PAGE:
I use wool to create needle felted sculptures. The "grade" of the fiber really does't affect the quality of the finished piece. Different types, textures and staple lengths provide variety in the medium. I sell my needle felted "crafts" at Street Fairs and also exhibit my "fine art" sculptures in galleries.
I have purchased wool that was processed and carded by individuals from LocalHarvest.com in various degrees of quality and been able to use it all for my artwork. I do prefer a consistent roving as its the easiest to work with.
Perhaps you could look into selling the carded wool on Etsy as an Art Supply. I have browsed and shopped for wool on the site. The seller profile on Etsy has a platform to tell you story. You could really talk up the "sustainable" "recycled" aspect of the wool you are saving from being wasted and that would encourage conscious crafters to choose your product. There are also LOTS of Needle Felters on Etsy who you could connect with as a supplier.
Yes, selling wool to crafters seems like something on the scale I could handle. Since I'm doing it in small batches, it would be easy enough to keep the natural colors and grades separate.
Theo is my daughter's Pomeranian. He has a very fine undercoat. It sure feels like wool, so I decided to groom him and try something. I made this thick yarn that is maybe one eighth of an inch, when twisted. I had to exert about 50 pounds pressure, to break it.
Later, I decided to roll the remaining hair into a ball for felting. I put it in half a cup of water and boiled the ball. Then I rolled it back and forth in my hand some more until I had a pretty solid lump of felted hair, about the size of a large marble. I have lost it in my junk somewhere, in the four hours since I made it. It will be given to my friend's little cat Lloyd. He is half Theo's size, but he is fearless, and hops on for a ride anytime Theo is coming down the hallway. He is a real rodeo rider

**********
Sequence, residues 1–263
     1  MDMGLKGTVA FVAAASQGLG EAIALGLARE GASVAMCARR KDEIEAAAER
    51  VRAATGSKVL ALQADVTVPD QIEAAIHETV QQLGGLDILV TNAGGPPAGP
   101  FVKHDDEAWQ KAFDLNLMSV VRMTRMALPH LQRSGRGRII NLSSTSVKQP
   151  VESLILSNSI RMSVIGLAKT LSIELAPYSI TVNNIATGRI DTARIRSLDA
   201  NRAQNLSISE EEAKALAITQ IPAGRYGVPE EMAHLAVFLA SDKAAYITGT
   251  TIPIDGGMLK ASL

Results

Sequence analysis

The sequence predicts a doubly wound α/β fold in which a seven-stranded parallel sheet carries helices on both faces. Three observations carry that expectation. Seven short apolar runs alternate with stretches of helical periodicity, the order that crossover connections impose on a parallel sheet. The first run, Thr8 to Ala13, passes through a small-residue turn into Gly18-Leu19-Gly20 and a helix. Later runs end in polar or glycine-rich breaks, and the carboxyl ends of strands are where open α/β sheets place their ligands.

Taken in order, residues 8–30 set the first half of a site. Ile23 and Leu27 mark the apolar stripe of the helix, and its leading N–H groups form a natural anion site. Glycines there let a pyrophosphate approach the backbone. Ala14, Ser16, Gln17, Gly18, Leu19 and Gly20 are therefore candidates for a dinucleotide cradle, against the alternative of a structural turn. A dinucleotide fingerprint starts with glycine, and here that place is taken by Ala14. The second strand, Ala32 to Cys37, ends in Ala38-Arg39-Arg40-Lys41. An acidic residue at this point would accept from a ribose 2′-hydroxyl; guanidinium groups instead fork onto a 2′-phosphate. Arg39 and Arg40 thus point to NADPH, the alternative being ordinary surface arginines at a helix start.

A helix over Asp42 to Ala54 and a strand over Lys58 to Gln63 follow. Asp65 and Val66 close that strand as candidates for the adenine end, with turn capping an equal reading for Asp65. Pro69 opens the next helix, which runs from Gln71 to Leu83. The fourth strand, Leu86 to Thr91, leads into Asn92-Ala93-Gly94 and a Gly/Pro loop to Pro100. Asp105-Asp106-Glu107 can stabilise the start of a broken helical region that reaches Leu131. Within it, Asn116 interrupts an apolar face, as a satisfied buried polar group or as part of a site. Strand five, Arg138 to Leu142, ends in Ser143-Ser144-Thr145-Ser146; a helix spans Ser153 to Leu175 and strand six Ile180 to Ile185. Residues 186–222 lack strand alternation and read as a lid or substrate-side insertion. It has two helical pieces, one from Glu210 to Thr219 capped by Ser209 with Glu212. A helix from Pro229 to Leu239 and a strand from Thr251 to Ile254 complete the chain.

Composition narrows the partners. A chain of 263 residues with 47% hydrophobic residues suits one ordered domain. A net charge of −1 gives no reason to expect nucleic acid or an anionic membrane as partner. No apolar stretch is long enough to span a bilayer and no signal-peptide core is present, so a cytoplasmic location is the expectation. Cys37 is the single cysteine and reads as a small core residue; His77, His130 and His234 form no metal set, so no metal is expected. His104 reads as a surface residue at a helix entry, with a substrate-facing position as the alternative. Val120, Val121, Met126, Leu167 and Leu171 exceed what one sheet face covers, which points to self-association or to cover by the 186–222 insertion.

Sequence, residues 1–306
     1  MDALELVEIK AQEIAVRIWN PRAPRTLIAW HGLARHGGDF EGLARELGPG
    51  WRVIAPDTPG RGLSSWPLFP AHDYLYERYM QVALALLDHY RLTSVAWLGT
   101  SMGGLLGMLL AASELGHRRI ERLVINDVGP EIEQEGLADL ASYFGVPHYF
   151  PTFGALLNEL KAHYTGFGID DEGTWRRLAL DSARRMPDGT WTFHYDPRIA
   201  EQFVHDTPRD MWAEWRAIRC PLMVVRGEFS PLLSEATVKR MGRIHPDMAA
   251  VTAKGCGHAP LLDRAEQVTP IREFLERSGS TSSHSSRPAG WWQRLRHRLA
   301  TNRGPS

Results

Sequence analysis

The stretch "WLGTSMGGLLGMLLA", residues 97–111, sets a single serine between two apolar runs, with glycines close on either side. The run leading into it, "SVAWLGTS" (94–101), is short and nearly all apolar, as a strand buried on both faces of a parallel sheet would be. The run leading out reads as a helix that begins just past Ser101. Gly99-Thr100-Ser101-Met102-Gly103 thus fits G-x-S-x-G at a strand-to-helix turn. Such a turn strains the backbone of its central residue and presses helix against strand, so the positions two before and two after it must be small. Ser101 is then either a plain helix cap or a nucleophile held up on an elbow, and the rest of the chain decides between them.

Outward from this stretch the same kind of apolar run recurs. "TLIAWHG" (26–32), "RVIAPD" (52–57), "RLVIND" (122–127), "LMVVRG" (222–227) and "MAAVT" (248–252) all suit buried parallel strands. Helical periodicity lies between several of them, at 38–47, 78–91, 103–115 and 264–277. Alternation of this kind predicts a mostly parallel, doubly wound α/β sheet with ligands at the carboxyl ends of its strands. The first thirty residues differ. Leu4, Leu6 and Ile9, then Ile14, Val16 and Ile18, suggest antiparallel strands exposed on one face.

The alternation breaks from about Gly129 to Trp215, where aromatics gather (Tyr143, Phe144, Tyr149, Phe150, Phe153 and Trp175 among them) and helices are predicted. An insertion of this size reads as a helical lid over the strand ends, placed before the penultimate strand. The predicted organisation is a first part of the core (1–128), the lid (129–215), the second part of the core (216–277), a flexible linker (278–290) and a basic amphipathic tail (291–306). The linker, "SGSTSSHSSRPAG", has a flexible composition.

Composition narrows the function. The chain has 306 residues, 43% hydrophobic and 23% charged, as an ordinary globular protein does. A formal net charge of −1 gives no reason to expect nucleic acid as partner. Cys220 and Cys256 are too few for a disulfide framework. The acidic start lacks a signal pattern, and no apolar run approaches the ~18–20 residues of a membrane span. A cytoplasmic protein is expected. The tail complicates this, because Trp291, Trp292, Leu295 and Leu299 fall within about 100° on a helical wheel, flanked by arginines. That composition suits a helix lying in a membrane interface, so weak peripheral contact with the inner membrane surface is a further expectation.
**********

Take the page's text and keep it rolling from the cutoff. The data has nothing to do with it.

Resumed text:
I'll bet that dog groomers get lots of hair from Sheepdogs, Pomeranians and Poodles, that could be made into something. Probably not for everyone, but I don't need to sell to everyone. There are many Native women in the Cowichan Valley, who make traditional sweaters. I think I heard somewhere that dog hair was sometimes included. Makes sense, use what you have.
meagan Jensen wrote:I use wool to create needle felted sculptures. The "grade" of the fiber really does't affect the quality of the finished piece. Different types, textures and staple lengths provide variety in the medium. I sell my needle felted "crafts" at Street Fairs and also exhibit my "fine art" sculptures in galleries.
This sounds really cool. Do you have pictures to share? I'd be interested to see some examples.
Here it is. I went into the trunk of the car, looking for a tool , and there it was.
A match will be lit, to burn off the stray hairs. Then we'll see if Lloyd likes playing with it. He fell out of an upper storey window yesterday. He knocked the screen out and probably landed on some bushes. Completely unharmed. He hid until someone came home at 8 p.m., then he started meowing.
How do they get the deer to cross at the signs? Or to read this tiny ad?
100th Issue of Permaculture Magazine - now FREE for a while